“The National Oceanic and Atmospheric Administration (NOAA) is warning that carbon dioxide in the atmosphere is reaching levels not experienced by humans before. Carbon dioxide levels are 50% higher than pre-industrial levels, and the amount of carbon dioxide is higher than it has been in millions of years.
“On June 3, the Mauna Loa Atmospheric Baseline Observator in Hawaii measured a peak carbon dioxide level of 421 parts per million in May, the highest level for 2022 and reaching levels not seen in millions of years.
“ ‘The science is irrefutable: humans are altering our climate in ways that our economy and our infrastructure must adapt to,” NOAA Administrator Rick Spinrad said in a press release. ‘We can see the impacts of climate change around us every day. The relentless increase of carbon dioxide measured at Mauna Loa is a stark reminder that we need to take urgent, serious steps to become a more Climate Ready Nation.’ ” 

Tennessee Valley Authority whistleblowers sue agency in federal court. Jamie Satterfield, Tennessee Lookout, June 2. 

“Three former Tennessee Valley Authority nuclear oversight managers who were removed from their posts after alerting the U.S. Nuclear Regulatory Commission to repeated safety concerns and violations are now suing the utility in federal court. 
“Melody Babb, Deanna Fultz and Mark Richerson filed suit against TVA late last week in U.S. District Court. They contend they were ousted from their posts in 2019 and targeted for public humiliation in retaliation for their whistleblowing to the NRC and the TVA Office of Inspector General about safety concerns and intimidation of whistleblowers at TVA’s three nuclear power plants.
“ ‘Instead of solving the (safety and intimidation) issues, the focus became stopping the identification of them by the (oversight managers) and attacking the messenger,’ attorneys Doug Hamill and Billie Garde wrote in the lawsuit.
“The lawsuit says TVA not only removed the trio from their positions but also disbanded an independent whistleblowing program known as the Employee Concerns Program and “handpicked” overseers of a new program specifically designed to squelch dissent and intimidate would-be whistleblowers.” 


How to feed the world without destroying it: George Monbiot on the growing global food crisis and the degradation of our soils. Can the solution be found in the lab? Presented by Michael Safi with George Monbiot, The Guardian, June 2.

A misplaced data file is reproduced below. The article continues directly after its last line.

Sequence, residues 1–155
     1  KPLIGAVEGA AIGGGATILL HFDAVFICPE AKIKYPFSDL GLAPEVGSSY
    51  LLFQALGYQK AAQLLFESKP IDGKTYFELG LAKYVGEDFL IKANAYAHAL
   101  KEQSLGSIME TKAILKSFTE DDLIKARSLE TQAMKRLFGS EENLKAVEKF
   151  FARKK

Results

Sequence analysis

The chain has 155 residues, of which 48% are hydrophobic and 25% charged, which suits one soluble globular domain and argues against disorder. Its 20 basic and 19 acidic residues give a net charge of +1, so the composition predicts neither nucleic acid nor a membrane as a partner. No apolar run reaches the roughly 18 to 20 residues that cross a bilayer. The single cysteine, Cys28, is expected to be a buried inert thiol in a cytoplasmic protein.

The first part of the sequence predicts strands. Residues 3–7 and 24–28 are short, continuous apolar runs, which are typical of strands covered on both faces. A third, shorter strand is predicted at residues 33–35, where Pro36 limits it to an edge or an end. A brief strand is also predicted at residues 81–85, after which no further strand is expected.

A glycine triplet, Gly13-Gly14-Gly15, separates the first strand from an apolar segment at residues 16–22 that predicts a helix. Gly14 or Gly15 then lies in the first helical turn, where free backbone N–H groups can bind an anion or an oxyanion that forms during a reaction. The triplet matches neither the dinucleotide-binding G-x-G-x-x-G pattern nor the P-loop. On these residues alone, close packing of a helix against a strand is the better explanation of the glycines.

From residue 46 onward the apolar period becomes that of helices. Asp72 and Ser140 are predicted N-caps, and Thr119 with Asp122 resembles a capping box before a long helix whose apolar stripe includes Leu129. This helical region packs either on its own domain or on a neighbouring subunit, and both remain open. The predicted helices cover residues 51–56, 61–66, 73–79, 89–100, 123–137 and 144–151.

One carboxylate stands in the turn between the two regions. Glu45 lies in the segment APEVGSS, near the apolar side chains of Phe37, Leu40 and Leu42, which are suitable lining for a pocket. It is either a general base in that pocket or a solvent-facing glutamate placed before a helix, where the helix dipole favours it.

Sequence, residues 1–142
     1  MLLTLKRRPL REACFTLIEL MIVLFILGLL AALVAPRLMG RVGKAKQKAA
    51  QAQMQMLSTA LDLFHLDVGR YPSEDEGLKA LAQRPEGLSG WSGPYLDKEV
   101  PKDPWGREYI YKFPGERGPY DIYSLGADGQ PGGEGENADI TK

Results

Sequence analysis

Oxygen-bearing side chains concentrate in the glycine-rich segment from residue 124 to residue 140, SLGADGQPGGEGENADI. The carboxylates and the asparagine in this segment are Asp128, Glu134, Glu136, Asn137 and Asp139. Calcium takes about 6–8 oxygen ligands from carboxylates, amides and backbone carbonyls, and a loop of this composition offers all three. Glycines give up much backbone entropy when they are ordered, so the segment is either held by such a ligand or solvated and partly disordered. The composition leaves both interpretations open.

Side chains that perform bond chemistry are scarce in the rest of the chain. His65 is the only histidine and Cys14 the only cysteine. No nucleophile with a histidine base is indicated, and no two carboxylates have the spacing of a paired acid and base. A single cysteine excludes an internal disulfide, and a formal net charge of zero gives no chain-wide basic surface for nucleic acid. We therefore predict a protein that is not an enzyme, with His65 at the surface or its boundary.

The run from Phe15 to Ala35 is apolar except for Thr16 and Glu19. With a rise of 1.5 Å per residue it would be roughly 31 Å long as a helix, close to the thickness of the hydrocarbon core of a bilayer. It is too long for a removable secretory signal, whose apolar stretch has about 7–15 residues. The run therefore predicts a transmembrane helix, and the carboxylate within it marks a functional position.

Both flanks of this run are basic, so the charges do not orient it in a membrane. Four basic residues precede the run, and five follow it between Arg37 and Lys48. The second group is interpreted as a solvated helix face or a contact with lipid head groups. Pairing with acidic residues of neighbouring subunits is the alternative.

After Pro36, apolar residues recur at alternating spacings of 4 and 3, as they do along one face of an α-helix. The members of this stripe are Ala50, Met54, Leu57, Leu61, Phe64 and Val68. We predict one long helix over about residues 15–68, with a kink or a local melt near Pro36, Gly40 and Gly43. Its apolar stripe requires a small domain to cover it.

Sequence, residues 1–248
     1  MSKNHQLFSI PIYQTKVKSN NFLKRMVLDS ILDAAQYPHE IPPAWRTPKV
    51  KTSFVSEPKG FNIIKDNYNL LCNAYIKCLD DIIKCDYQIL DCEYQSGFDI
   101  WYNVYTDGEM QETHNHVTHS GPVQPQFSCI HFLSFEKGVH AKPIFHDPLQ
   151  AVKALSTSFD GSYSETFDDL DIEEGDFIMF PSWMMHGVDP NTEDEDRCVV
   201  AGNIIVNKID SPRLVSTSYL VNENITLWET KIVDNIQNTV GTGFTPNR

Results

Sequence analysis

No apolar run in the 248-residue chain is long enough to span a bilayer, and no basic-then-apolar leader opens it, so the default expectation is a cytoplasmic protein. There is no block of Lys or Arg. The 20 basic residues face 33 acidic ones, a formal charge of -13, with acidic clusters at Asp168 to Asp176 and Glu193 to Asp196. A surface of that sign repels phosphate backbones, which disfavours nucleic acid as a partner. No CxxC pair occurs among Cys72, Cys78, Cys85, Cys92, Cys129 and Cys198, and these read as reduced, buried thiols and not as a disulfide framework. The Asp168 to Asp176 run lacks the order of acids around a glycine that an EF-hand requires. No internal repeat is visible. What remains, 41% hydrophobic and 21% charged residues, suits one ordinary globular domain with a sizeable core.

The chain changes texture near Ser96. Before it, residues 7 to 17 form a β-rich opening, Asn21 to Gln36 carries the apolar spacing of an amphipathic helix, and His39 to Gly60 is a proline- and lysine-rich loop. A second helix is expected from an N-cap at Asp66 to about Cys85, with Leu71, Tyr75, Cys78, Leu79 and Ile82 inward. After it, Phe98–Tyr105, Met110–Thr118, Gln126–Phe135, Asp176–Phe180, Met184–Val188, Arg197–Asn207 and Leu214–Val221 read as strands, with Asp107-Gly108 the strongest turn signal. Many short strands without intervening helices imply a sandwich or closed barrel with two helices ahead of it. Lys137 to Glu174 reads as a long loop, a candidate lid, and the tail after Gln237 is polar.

(Podcast, 31 minutes)
“When farming is degrading our soils and people are still going hungry, is it time to change how we get our food?
“Monbiot tells Michael Safi how we need to start appreciating the wonders of the soil beneath our feet. In his book Regenesis: Feeding the World Without Devouring the Planet (https://guardianbookshop.com/regenesis-9780241447642 ), Monbiot argues we need to pursue revolutionary ways of getting our sustenance. He argues that by using a method called precision fermentation, where proteins and fats are produced in breweries, we could feed the world and save our soils.”
Monboit says 28% of the world’s surface is used for grazing–to produce 1% of our protein. “There is no such thing as sustainable meat produced by farmed livestock.” Organic grazing is far worse. But fermentation breweries would take up “a tiny amount of land … a tiny quantity, really, of just about everything.” 
“If we get this right, we could replace our age of extinction with an age of regenesis. If we get this wrong, we’re committed to extinction.” 


A 50% Reduction in Emissions by 2030 Can be Achieved. Here’s How: Energy analysts pooled their knowledge to provide recommendations to fulfill the United States’ climate pledge. News Release, Aliyah Kovner, Berkeley Lab, June 2.

“A new study by a team of scientists and policy analysts from across the nation suggests that there are multiple pathways to achieve this goal – but big commitments will need to be made, immediately.”

As Senate sits on TVA nominees, Biden’s climate goals wither. Kristi E. Swartz, E&E News Energywire, June 1.

 “The nation’s largest public power utility soon could be operating with less than half of its board, increasing the uncertainty of whether it can help the Biden administration meet its already threatened decarbonization goals.